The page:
Odell Brewing (Fort Collins): Around the corner from New Belgium is another large player in the beer world, Odell Brewing.  We didn’t have time for another tour but they have an awesome wood and stone taproom and had a food cart outside with brats and sausages from the grill.  They have several different flights available and we tried the Classic flight and the Local flight.
Standout Brew – 90 Shilling Scottish Ale

Left Hand Brewing Co (Longmont): We had time for one more stop between Fort Collins and the airport and Left Hand fit the bill very well.  A very cool taproom space and great selection of beers, including their well known Milk Stout.
Standout Brew – Left Hand Milk Stout

So there you have it, a whirlwind tour of the Denver area beer scene, and we barely made a dent.  I don’t know when and if we’ll make it back to Denver, but there’s always more beer out there to try!

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Best of Craft Beer Awards 2017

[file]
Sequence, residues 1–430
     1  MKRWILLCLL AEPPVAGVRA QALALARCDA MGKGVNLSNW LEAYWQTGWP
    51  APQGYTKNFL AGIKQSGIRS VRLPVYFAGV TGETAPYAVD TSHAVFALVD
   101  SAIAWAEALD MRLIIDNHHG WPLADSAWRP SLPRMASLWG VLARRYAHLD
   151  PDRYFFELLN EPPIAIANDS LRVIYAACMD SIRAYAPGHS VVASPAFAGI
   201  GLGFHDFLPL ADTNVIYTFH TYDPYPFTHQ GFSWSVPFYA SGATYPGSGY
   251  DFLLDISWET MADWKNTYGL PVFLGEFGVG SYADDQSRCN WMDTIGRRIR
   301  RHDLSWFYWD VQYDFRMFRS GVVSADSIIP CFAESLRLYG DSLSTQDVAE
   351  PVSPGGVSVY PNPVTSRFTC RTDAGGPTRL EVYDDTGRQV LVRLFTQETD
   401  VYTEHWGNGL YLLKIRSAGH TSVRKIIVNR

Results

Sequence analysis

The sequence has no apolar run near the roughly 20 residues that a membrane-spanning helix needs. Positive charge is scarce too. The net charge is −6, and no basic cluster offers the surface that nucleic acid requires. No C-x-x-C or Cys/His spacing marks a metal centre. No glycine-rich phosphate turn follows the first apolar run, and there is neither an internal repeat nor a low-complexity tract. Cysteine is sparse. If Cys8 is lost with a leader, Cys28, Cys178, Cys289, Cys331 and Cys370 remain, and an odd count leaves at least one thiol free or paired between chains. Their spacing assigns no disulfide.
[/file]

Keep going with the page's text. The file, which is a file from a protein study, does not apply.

Last weekend I had the honor of judging the 2017 Best of Craft Beer Awards in Bend, Oregon.  I had been invited last year, but wasn’t able to make it due to a prior commitment (judging another competition actually).  This is the fourth year of the competition, which has steadily grown.  Wanting to recognize craft brewing but use actual blind judging rather than a people’s choice or “best of” list, similar to GABF and World Beer cup, is the goal of the event.  Based on shipping and judging location the contest was heavy with Pacific Northwest and California beers, but there was a good number from the Midwest and East Coast, including a couple from North Carolina.

The judging was held at the Mt Bachelor Resort in Bend.  The weather was cold, but the hospitality was quite warm.  They fed us breakfast and lunch both days during the judging and took care of pretty much anything else we would need.

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This was my first experience in judging commercial beer and it was both similar and different to judging homebrew.  The first way that it was different was instead of one sample at a time, they brought us flights of ten to twelve all at once.  They also had very short, checklist style scoresheets.  No long winding feedback here, just a few words and on to the next sample.  It was rapid fire judging.  The beers with obvious flaws were weeded out right away and then we would debate amongst the good ones which deserved to move on to the next round.